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Thursday, April 25, 2013

Lawrence and Memorial completes final hurdle before buy-out of Westerly Hospital

Deal to be closed on June 1
By Will Collette

I am happy to see that Westerly Hospital has been saved from imminent closure, now that they have received all of the state agency approvals they need. Lawrence & Memorial (L&M) Hospital of Stonington will sign all the final paperwork to get the keys to Westerly Hospital on June 1

That’s the same day that Westerly Hospital will close its obstetrics department, now that the RI Health Department has closed the door on retaining that service.

While this is a welcome bail-out, it does not mean that Westerly Hospital is out of trouble. Under the terms of the deal, L&M is only pledged to keep clinical services going for two years and to keep Westerly Hospital in operation as an acute care hospital for five years.

Two years and five years are not very long. Plus, as the unions who represent hospital workers at L&M can attest, the new owner of Westerly Hospital is not a stickler for honoring its contracts.

RI Attorney General Peter Kilmartin was the last official to sign off on the deal, setting multiple conditions for the ownership transfer that include retaining the name, “Westerly Hospital” and that L&M will raise money to be used to improve Westerly Hospital. $30 million is expected to be spent on capital improvements and L&M is supposed to inject $6.5 million in working capital.

The hospital worker unions at Westerly Hospital were an integral part of the coalition to save Westerly from closure. Unfortunately, L&M brings a lot of baggage with it as its own unions have filed unfair labor charges against L&M management for unfairly cutting staff – telling their own workers that they don’t have money to retain already overworked staff while telling the RI Health Department that they have lots of money – and for shifting jobs out of the unionized hospital into non-union subsidiaries.

This has prompted the AFT’s health care workers division to launch a new organizing drive that targets those non-union subsidiaries. The union says it is hopeful that the National Labor Relations Board will rule in their favor in the charge that L&M committed an unfair labor practice by shifting hospital jobs to the subsidiaries, but decided to start organizing because “these folks don’t want to wait.”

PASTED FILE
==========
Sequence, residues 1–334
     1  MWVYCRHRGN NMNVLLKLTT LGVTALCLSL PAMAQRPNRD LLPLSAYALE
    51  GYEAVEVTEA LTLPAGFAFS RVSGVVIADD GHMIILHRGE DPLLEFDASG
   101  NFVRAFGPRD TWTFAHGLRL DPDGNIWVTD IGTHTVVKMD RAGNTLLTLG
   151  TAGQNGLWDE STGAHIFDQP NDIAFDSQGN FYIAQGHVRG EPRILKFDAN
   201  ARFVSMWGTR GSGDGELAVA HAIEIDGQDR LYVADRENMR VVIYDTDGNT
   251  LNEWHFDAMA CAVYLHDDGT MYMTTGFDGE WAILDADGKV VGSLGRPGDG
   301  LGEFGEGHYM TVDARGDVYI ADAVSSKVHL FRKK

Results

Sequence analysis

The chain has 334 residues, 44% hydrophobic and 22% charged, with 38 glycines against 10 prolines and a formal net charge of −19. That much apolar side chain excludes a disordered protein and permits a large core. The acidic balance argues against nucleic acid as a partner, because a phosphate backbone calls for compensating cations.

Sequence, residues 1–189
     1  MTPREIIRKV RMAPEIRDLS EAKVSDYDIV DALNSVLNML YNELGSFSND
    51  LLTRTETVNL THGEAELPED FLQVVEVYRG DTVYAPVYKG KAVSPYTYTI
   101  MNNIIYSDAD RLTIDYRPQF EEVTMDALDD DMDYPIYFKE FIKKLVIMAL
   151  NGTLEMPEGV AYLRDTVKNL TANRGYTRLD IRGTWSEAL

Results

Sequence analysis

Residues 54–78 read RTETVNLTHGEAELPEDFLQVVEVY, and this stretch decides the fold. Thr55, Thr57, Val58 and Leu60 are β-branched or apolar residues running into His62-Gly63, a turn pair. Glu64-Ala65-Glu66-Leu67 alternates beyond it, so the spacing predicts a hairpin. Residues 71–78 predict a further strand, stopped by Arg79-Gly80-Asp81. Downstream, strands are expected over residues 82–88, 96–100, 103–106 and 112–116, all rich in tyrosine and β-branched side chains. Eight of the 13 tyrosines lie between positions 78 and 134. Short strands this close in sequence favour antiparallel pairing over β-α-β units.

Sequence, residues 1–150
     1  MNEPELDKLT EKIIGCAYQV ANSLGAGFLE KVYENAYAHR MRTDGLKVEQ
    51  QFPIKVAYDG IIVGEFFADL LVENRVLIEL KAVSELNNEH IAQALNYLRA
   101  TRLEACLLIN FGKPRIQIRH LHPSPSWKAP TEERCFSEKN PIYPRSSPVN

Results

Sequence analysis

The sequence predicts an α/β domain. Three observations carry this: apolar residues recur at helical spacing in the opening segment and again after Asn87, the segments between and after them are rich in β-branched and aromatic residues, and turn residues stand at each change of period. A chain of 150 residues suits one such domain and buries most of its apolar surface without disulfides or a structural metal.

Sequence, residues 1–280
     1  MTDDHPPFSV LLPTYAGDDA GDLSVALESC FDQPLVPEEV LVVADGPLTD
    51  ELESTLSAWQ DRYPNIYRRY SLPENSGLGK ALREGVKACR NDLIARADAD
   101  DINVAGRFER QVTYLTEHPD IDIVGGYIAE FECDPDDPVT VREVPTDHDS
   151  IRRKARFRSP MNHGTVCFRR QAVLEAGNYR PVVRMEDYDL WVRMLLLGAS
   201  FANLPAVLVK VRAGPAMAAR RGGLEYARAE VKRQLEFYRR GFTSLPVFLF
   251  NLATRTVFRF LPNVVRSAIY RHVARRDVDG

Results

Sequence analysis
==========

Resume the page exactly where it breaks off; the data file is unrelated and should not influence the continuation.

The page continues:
The AFT also said in a statement that workers at L&M Physician Associates, the non-union subsidiary, say they were "kept out of the hospital's unions despite providing the same excellent care" as hospital workers.

The state of Connecticut declined to sanction L&M for moving its obstetrics and outpatient mental health departments out of the hospital and into the subsidiaries, ruling that those changes did not require prior state approval. However, they also said that L&M needed the state’s approval to change the management of those services – which L&M has not received.

 In my earlier reports (here and here in particular), I raised concerns about L&M’s low ratings for patient satisfaction and quality of care – ratings that are lower than Westerly Hospital’s have been, even in its distressed circumstances, and for sake of comparison, far lower than South County Hospital’s exemplary ratings.

These problems did not escape the attention of Dr. Robert Crausman, the consultant hired by the RI Health Department to review the deal. In 2010, the Connecticut Department of Public Health cited L&M for multiple violations that led to a corrective action plan, consent order and close health department attention.

In March, the Public Health Department did an inspection on behalf of Medicare and notified L&M on March 28 of more deficiencies that are being reported to Medicare. Among the defects were inappropriate, potentially dangerous, equipment in the dialysis unit, improper use of restraints on patients, incomplete medication orders and other patient safety issues.

Dr. Crausman reported to the RI Health Department that these findings were serious, but "are of the type commonly identified on hospital inspection surveys and should be readily corrected." He noted that the Connecticut health department’s oversight was "somewhat reassuring."

I guess that when you’re a seasoned professional in the medical business, you get used to things that might make us laypeople less than comfortable. However, I also think Dr. Crausman probably also got the memo that the L&M-Westerly buy-out deal needed to happen.

Look, I’ll say again that I’m glad Westerly Hospital is being saved. However, given the issues that L&M Hospital brings with it, the community’s job is not over. The coalition that saved Westerly Hospital will now need to turn its attention toward making sure that L&M doesn’t just bleed Westerly Hospital to death.